Think "karate chop" when you chip to keep your wrists steady.
Schecter Lee
By Michael Breed
Thursday, December 06, 2007

This story is for you if...

• You're nervous over short chips
• You jab at the ball on short shots
• You catch chip shots thin

Short chips make you nervous, so you think that if you shorten your stroke and jab at the ball you'll be less likely to make a mistake.

Eliminate excess wrist movement. Here's how to do it.

• Take your normal chipping address position without a club and with your left hand hanging loosely at your side.

• Swing your right arm back like you would when hitting a 10-yard chip, and then bring it back to the ball along your target line using a "karate chop." Your right palm should face away from your body as your hand passes through the impact area.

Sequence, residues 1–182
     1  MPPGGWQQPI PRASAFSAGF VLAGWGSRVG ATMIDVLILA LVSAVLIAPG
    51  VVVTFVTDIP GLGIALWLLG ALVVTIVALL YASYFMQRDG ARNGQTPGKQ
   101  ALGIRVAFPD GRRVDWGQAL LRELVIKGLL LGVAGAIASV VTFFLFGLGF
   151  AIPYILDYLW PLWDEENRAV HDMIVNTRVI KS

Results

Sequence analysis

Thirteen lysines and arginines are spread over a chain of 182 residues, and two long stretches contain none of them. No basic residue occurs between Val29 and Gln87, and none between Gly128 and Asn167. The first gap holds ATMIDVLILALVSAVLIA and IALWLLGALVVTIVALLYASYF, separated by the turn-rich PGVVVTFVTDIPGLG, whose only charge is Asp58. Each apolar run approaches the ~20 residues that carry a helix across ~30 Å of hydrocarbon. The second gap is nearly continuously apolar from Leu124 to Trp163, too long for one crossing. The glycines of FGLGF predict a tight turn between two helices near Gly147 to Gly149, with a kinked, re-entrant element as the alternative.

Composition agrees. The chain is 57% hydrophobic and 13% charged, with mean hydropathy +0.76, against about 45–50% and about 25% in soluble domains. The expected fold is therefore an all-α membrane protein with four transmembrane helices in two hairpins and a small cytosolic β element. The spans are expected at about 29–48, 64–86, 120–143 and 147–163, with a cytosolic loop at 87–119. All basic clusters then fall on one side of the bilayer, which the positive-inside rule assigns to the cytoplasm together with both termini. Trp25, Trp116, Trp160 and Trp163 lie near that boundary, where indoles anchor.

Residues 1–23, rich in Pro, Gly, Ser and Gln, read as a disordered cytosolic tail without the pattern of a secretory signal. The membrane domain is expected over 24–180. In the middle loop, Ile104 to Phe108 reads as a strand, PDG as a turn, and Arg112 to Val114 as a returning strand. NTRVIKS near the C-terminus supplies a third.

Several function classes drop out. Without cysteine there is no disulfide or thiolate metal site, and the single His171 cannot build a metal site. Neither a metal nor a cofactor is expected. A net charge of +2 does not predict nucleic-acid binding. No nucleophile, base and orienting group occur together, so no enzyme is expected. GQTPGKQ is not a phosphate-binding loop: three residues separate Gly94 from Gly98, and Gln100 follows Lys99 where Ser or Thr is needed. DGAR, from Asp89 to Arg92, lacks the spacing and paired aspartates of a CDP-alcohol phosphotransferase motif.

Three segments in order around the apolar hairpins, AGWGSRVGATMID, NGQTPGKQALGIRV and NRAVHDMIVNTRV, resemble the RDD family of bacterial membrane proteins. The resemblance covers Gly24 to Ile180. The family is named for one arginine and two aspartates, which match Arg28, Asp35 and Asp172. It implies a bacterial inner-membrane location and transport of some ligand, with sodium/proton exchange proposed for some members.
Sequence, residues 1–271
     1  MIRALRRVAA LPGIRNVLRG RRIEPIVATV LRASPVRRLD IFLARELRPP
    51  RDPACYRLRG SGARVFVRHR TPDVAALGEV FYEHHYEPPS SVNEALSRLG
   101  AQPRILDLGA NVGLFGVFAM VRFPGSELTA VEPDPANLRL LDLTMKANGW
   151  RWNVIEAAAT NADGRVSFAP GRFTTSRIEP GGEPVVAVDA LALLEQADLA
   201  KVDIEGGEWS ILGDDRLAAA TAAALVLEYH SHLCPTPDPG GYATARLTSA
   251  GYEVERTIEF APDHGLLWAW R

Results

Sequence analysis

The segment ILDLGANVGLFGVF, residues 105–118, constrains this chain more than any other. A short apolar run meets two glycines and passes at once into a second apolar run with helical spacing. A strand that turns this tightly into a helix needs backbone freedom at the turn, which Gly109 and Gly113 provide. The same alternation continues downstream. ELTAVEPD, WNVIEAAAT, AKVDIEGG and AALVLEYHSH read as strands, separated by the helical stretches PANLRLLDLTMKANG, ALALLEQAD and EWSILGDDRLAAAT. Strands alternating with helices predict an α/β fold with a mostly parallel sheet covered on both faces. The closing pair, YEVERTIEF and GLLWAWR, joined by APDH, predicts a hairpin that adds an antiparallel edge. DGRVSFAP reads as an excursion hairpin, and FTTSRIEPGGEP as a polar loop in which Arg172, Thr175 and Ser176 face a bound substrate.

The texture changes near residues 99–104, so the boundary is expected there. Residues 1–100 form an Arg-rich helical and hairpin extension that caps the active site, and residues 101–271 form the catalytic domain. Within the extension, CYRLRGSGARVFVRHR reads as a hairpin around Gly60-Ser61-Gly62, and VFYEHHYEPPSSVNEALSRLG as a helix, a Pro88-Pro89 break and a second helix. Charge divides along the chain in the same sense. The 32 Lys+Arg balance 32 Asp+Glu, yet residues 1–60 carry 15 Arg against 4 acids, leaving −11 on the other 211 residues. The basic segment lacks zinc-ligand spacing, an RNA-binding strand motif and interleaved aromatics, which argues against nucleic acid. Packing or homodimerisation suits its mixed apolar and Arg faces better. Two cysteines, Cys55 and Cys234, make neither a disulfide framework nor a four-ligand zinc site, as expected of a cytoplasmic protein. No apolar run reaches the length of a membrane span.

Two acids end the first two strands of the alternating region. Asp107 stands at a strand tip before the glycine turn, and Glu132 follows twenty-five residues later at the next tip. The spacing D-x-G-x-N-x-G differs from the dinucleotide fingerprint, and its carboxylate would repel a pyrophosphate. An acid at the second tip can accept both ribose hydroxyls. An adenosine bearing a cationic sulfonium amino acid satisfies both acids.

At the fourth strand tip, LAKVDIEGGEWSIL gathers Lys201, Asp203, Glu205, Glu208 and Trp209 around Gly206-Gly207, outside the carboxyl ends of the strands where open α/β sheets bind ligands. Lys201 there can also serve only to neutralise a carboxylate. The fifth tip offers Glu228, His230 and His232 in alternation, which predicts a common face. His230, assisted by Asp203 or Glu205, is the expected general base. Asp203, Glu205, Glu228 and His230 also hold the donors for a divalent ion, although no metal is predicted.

• Perform the drill again, but this time with a wedge in your hands. Again, mimic the karate-chop motion. You'll feel smoother through impact because you're not flipping the clubhead at the ball.

• Take your karate-chop chipping swing to the course and you'll be able to handle any situation, no matter how much pressure.

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